EDITORIAL: End of the American superpower

Administration report surrenders future to the Far East

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It took more than 60 years, but the days of America as a superpower are coming to an end. This is the finding of the Obama administration’s latest report, “Global Trends 2030: Alternative Worlds,” which the National Intelligence Council (NIC) released Monday. Analyzing geopolitical trends over the next 15 to 20 years, the document concludes China will have eclipsed the United States as the world’s premier economic and military giant by 2030. The administration is convinced the United States and the West are in permanent decline.

It doesn’t have to be so. The NIC analysts predict a “return to pre-2008 growth rates” is highly unlikely for America and the European Union — at least for another decade, as the West’s anemic economies are being dragged down by massive budget deficits and crushing debt. These are problems that could be resolved but for the resistance to spending restraint in Washington and Brussels.

Wealth and power have been flowing from the West to the East for the past several decades, and China has been the big winner. Its rise has come at the expense of America. Beijing has amassed huge trade surpluses by manipulating its currency and violating basic labor and environmental standards. China’s market remains relatively closed to U.S. goods, while our market is flooded with cheap Chinese products. Hence, Beijing’s manufacturing output has soared. Its economy is the second-largest in the world — and growing.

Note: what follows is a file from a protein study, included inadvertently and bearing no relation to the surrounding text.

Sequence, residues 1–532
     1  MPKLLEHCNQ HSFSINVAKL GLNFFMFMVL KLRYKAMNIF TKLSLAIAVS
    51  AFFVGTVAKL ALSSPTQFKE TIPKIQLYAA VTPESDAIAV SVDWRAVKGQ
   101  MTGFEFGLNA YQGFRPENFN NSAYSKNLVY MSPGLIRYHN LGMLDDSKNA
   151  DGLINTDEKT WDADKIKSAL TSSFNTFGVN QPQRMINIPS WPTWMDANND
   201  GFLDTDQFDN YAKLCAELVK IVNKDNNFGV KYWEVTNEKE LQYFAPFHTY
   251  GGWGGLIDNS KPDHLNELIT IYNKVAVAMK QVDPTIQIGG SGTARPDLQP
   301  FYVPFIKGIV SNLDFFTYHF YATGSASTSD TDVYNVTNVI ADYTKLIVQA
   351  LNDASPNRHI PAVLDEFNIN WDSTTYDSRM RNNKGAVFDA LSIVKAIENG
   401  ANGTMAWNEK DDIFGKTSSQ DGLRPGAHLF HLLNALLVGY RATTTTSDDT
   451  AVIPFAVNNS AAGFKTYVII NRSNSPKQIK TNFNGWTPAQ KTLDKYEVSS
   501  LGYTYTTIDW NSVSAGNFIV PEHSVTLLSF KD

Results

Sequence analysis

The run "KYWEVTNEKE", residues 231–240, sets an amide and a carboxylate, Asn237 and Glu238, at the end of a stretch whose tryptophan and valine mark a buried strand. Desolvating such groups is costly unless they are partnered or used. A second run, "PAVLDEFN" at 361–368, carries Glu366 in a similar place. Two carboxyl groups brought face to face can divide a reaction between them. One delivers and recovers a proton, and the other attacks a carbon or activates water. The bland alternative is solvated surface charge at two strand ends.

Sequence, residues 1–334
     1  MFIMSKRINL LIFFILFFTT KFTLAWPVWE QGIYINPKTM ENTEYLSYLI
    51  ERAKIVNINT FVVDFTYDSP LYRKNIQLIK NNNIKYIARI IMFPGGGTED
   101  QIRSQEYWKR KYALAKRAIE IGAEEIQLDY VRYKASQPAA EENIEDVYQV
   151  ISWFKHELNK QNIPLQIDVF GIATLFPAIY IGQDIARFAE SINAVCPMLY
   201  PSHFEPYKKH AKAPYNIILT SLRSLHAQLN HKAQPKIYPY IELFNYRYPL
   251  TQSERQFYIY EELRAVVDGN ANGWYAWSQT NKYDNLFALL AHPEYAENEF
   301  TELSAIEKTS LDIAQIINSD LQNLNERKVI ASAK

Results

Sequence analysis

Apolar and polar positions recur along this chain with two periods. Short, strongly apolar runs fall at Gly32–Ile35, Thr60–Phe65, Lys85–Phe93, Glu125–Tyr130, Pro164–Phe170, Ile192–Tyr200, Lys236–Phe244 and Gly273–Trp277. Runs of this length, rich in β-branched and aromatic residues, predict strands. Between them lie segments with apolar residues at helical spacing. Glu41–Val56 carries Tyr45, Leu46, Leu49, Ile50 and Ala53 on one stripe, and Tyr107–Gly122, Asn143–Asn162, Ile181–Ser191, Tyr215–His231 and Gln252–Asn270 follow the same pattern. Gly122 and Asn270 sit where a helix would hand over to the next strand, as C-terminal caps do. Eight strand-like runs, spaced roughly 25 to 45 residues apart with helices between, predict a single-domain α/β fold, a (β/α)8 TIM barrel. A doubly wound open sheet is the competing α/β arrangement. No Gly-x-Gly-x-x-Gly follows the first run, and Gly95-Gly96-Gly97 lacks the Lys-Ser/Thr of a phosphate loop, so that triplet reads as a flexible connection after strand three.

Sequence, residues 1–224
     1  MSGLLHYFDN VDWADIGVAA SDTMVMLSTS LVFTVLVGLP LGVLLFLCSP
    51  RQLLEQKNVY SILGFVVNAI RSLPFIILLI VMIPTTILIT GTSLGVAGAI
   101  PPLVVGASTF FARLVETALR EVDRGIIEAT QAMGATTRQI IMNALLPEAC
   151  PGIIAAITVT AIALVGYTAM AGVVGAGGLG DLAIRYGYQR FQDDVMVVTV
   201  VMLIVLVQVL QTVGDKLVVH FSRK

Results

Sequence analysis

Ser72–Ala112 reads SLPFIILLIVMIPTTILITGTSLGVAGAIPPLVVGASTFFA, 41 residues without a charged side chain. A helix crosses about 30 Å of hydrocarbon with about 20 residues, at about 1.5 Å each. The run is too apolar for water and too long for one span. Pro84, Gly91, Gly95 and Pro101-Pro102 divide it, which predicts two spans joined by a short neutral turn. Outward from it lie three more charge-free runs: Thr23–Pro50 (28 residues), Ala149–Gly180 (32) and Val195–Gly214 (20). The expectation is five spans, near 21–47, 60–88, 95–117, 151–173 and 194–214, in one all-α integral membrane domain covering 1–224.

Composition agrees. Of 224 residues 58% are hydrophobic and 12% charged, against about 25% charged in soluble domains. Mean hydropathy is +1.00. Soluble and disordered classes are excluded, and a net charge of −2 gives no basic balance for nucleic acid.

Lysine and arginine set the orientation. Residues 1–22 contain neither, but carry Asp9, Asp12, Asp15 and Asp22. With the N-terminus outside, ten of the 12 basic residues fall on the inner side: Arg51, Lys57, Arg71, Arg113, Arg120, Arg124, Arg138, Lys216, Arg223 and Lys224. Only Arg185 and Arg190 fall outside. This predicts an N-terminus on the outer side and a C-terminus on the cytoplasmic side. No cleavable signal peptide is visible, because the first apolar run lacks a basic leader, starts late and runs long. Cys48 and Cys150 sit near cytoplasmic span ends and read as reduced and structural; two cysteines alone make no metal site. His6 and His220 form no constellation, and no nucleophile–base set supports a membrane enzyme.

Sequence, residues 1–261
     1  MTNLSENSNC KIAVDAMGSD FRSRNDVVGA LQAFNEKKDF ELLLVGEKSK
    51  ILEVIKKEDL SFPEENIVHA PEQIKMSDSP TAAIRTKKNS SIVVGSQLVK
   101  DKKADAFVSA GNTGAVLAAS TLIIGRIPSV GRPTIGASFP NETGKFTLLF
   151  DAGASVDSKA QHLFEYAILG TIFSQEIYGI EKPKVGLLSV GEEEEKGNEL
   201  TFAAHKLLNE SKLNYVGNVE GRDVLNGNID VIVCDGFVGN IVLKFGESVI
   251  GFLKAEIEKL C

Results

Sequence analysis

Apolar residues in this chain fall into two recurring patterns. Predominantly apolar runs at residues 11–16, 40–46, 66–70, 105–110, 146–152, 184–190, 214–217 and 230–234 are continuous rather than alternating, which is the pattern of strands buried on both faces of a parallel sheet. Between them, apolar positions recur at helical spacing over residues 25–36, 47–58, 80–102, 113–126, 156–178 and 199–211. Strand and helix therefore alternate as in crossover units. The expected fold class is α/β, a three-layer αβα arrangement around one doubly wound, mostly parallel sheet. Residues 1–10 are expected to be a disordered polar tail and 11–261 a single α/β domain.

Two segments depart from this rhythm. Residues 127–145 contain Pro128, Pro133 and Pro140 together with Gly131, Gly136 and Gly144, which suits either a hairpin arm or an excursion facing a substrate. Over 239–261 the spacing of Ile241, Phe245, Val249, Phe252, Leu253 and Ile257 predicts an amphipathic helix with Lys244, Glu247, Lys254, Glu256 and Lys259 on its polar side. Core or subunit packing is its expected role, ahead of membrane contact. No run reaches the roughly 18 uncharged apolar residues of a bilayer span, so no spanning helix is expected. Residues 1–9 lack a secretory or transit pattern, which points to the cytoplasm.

Right now, the U.S. economy is double the size of China‘s, but thanks to President Obama’s economic policies, we’re hardly growing. The Chinese leadership has largely avoided many of the mistakes committed by successive U.S. administrations. Beijing is to America what we once were to Great Britain: the emerging global powerhouse.

There is, however, a critical difference. America’s ascent represented a great advance for democracy and human freedom. China’s rise is a different matter. It poses a serious challenge to both the West and regional neighbors. Beijing’s state capitalism is being driven by bellicose nationalism. China is engaged in a massive military buildup. It makes territorial claims on Taiwan as well as islands disputed by Japan, Vietnam and the Philippines. China’s goal is clear: Drive America out of the Pacific on the road to becoming an authoritarian colossus. A world dominated by Beijing will be very different — and much nastier — than the one led by the United States since 1945.

The NIC report quotes economist John Maynard Keynes on nations’ willful blindness to the future. In 1937, Keynes said that “the idea of the future being different from the present is so repugnant to our conventional modes of thought and behavior that we, most of us, offer a great resistance to acting on it in practice.” The irony is that Keynesianism — with its stress on big government, a vast public sector and huge deficit spending — is primarily responsible for the economic morass and debt crisis plaguing the West. Decline is not a fate — it is a choice. Sadly, it is one that America, especially the Obama administration, has made. Until we change course, the future belongs to China.

THE WASHINGTON TIMES

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